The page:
They should call it Farm-to-table Mountain

Revisiting Cape Town for a TV role, actress Olivia Grant discovers it’s gone through a food revolution

Travel

03 Nov 2016

I’ve often described my job as being a bit like a really bad boyfriend. The kind who whisks you off on a negroni-filled mini-break and then disappears for weeks on end while you check your phone incessantly and go to bed with a knot in your stomach.

Well, a few months ago my really bad boyfriend came up trumps again and my agent disturbed an extremely quiet Tuesday morning to say that I’d been cast as a leather-clad Russian assassin in Sky’s new Indiana Jones-esque-venture Hooten and the Lady and I needed to get on a plane to Cape Town immediately. I packed with the flurry of a girl in complete denial about just how bad her boyfriend is and it wasn’t long before I was back in Cape Town — sans negroni — wondering at the clouds slowly draping themselves across the epic expanse of Table Mountain from my window at the magisterial Mount Nelson Hotel.

There were some hours to fill, and after a rather tortuous costume fitting, with lots of discussion about how to tailor my catsuit tight enough to satisfy my rapacious vanity but loose enough for stunts, the South African seamstress suggested that I head to Bree Street for lunch.

Now I can’t remember much about Cape Town from my last job here five years ago, but the cuisine definitely didn’t stick out. Locals raved about Willoughby & Co, which turned out to be a sushi joint in the rather anaesthetic Victoria and Alfred mall, where you have to queue by the escalator due to its massive popularity. Bree Street for me, then, was something of a revelation. This sun-baked street (‘Bree’ means ‘wide’ in Afrikaans) is peppered with one-storey restaurants with colourful canopies, epitomised by the achingly trendy corner café Jason Bakery. With no signage other than the white outline of a single croissant on its black frontage (hipster cafés abhor words) these guys take themselves very seriously.

Firstly, there is a dress code distinct enough to make me regret wearing my rather crumpled Zara all-in-one, and secondly, there is an elaborate dance to get a table. After I was turfed off one for not following the-queuing procedure, my tattooed and highly attractive waitress refused to make eye contact for at least 25 minutes. I was desperate to hate the place but after she reluctantly brought a slate slab on top of which stood a towering porchetta sandwich with black mission figs and a mojito mousse cupcake topped with shavings of lime… I admit I cracked. In less than 30 seconds, I had embraced the pervading aura of hipster smugness and joined the rest of the restaurant in scoping out those unfortunate enough to still be queuing.

There’s a slightly more chilled brunch experience in the white-tiled interor of the Culture Club and Cheese, a quick stroll away. Founded by charming husband-and-wife team Luke and Jessica, this shop-cum-café-pleased me on many levels. First, because they painted it banana yellow (and who doesn’t like that?), and secondly, because Luke, a self-proclaimed ‘curd nerd’, took the time to talk me through how he’s worked with local producers to develop a variety of artisanal cheeses which are proudly shown off in a glass cabinet.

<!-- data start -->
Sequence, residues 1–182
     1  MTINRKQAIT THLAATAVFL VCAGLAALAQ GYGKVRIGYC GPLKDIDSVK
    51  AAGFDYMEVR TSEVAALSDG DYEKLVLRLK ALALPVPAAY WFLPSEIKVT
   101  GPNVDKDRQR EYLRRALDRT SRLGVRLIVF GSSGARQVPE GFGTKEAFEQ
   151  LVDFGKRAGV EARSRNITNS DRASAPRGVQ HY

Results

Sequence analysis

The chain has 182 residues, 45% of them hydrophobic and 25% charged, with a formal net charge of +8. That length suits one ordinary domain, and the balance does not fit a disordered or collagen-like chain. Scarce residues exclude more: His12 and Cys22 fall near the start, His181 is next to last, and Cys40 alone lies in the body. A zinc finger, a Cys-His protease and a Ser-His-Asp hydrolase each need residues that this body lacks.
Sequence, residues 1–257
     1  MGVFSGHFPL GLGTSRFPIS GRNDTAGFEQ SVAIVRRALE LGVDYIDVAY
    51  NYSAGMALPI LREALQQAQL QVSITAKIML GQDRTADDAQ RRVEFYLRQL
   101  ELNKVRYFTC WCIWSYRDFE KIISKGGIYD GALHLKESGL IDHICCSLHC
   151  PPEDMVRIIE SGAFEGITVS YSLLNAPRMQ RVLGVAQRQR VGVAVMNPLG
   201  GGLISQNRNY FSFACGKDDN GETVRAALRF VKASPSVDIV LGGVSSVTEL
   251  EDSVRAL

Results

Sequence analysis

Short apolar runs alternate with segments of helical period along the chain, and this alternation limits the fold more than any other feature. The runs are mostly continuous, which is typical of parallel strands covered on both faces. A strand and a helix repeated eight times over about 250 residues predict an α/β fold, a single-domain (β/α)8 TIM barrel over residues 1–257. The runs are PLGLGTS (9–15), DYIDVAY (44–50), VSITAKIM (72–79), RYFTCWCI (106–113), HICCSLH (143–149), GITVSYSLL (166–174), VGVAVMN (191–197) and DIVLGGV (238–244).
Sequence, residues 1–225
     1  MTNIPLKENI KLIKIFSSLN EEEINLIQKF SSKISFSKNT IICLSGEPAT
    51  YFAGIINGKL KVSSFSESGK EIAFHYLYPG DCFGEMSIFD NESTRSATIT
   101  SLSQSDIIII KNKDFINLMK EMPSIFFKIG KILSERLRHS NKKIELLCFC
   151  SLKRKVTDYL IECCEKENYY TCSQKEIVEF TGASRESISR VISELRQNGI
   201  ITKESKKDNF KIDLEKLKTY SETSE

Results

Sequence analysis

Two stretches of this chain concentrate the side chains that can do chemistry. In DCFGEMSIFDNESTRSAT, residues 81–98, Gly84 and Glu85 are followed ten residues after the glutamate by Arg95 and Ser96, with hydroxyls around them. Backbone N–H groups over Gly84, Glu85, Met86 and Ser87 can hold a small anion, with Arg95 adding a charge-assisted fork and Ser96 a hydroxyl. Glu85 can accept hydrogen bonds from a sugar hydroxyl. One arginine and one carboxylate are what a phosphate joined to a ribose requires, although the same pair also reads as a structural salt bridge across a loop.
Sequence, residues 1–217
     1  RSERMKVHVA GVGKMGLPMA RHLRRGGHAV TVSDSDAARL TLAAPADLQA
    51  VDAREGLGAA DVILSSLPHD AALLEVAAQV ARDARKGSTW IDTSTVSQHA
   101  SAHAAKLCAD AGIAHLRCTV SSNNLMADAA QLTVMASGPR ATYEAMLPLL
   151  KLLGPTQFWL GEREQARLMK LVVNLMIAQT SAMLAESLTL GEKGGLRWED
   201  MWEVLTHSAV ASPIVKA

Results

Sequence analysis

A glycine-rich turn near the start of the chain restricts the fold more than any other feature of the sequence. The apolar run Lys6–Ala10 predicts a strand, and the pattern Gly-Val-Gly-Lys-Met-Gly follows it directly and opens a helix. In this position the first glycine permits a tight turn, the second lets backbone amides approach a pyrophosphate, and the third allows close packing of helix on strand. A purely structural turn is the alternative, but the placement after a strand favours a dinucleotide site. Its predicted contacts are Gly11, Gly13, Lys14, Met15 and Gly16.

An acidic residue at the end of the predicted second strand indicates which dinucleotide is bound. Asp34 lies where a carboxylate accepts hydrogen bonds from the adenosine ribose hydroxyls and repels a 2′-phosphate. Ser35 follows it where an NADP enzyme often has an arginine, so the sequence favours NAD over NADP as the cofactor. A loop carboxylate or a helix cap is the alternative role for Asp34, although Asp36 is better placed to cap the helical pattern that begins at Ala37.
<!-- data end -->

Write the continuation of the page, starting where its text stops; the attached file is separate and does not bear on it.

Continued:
Our brief conversation over a fabulous croissant Eggs Benedict confirmed that Cape Town is undergoing a food revolution and Luke insisted I went to the Neighbourgoods market in Woodstock to fully appreciate this.

Farm fresh: food market sandwiches in Cape Town
Farm fresh: food market sandwiches in Cape Town

So when I next peeled off my catsuit I headed to the Old Biscuit Mill neighbourhood, which is what Camden Market might look like if it had been designed by Ottolenghi. There is live music and the odd vintage clothing outlet, but the main attraction is stall after stall of food.

The heavy hitters here are two restaurants called Test Kitchen and Pot Luck Club. When I asked for a reservation at the former they basically laughed down the phone, so I was excited to get into its slightly more relaxed cousin the following weekend. Now I don’t normally get excited about a tapas restaurant. Like Joey in Friends, I don’t share food. I particularly dislike the obligatory halving — even quartering — of that final fish taco. But the problem didn’t arise at Pot Luck Club. My companion was a particularly skinny vegetarian so I was able to happily munch through plates of springbok-carpaccio with burnt honey and pig’s head bossam and pineapple kimchi without any of that ‘you should try it… no, don’t worry, I’ll halve it’ nonsense.

You don’t have to sport a beanie or a sideways ponytail to taste this change — an interest in local and sustainable food has spread to the most stalwart institutions. At the Mount Nelson, a bastion of colonial grace with a palm-lined drive, the remarkable resident chef Rudi Liebenberg is an ardent supporter of farm-to-table food sourcing. Vegetables for the Planet restaurant come from a community farming project in the townships, there are beehives on top of one hotel wing and even a worm farm to create organic fertiliser for the magnificent gardens.

After filming wrapped I sat in the Mount Nelson’s beautifully manicured gardens nibbling wistfully on some sourdough toast from the breakfast buffet. The waitress told me the bread was made with wild rather than cultivated yeast and I wondered how I’d ever go back to Hovis. I hope it’s not too long before my really bad boyfriend takes me on another adventure.


Close